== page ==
NEW YORK (GenomeWeb News) – Horizon Discovery said today it has received a share of a European Union Seventh Framework Programme grant totaling €5.75 million ($7.8 million) for work it will do on a project called "CV genes-at-target."
The grant was awarded to a consortium of research institutions and companies to study genomic risk loci for coronary artery disease and stroke in in vitro and in vivo settings and to determine whether they can serve as therapeutic targets.
Horizon did not specify how much of the grant it is receiving.
The Cambridge, UK-based firm is working with Leicester University to engineer the candidate genomic risk loci into normal human cell lines to study which SNP variations "have a predisposing impact toward cardiovascular disease." The human cell lines being engineered include pluripotent cells and differentiated endothelial and vascular smooth muscle cell types, Horizon said, adding its Genesis genome editing platform will be used to engineer the cell lines.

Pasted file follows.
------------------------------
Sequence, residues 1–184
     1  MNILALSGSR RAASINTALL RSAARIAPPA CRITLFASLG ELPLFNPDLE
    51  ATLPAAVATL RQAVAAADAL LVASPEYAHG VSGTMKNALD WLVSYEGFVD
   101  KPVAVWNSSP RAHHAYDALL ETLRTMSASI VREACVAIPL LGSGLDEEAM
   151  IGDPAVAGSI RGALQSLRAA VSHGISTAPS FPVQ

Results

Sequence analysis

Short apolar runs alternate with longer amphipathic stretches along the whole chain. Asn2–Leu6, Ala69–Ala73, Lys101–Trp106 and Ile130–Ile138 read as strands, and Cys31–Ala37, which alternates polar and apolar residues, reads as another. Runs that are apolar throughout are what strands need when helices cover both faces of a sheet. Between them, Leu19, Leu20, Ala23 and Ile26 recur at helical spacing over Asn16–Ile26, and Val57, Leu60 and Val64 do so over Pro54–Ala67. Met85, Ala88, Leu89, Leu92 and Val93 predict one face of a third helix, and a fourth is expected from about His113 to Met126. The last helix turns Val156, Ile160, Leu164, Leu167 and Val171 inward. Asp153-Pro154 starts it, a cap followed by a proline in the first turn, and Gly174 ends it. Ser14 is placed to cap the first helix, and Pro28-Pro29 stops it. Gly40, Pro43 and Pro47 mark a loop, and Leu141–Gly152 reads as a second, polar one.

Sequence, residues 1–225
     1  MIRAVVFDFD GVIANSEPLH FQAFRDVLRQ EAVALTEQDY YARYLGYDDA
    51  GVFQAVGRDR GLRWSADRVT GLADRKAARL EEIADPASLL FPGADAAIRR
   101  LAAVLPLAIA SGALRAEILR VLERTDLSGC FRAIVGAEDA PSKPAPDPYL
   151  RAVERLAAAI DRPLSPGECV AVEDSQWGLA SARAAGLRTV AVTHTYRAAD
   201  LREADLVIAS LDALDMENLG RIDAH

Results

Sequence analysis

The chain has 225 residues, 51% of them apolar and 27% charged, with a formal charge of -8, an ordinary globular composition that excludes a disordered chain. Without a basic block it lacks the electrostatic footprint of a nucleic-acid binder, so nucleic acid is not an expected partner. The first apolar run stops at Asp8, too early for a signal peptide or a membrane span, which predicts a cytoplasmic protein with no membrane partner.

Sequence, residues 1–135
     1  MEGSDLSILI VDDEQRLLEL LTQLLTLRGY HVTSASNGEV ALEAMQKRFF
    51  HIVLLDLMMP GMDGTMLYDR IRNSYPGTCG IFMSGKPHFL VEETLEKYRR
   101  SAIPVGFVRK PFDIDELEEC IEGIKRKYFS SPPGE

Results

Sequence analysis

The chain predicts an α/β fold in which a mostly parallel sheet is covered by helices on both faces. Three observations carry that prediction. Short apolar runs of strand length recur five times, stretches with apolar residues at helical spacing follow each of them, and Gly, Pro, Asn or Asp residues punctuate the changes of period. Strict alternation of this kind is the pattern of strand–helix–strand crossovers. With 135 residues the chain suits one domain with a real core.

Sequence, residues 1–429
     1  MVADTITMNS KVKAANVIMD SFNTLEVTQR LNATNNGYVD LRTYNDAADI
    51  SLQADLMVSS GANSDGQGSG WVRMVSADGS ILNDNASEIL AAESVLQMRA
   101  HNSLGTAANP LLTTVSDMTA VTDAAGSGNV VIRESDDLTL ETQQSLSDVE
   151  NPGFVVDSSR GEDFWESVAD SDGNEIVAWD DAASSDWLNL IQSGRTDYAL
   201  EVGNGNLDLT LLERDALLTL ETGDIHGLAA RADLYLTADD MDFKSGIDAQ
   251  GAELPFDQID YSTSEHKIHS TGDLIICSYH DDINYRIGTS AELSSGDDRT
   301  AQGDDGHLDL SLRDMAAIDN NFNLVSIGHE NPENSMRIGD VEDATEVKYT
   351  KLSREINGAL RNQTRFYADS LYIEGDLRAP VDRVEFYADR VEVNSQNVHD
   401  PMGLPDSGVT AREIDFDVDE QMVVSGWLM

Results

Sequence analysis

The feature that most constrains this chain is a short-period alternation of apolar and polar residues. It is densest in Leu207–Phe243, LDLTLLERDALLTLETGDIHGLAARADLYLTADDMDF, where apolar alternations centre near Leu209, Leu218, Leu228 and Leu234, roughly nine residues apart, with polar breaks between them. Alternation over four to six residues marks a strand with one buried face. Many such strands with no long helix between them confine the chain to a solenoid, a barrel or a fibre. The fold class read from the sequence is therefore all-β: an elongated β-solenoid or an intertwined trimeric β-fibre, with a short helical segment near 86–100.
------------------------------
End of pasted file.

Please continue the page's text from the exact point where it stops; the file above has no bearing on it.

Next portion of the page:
The project will expand Horizon's panel of isogenic X-Man human disease model cell lines into a new therapeutic area "in which genetics are thought to play a significant role alongside other environmental factors such as diet and exercise," it said.
The genome-edited cell lines will undergo molecular profiling by the consortium, including an investigation of locus-specific and global gene expression "to define biological pathways impacted by each risk variant, complemented by analysis of relevant proteins."
The data will be integrated with those from other researchers in the project, "examining pathways in relation to genotype at a tissue level."
Other project members include Deutsches Herzzentrum München (German Heart Center Munich); University of Leicester; Oxford University; UMC Utrecht; LMU Munich; University of Lübeck; Bioceros; Clinical Gene Networks; European Screening Port; 4SC Discovery; and Genedata.
Each of the participants is receiving a part of the grant.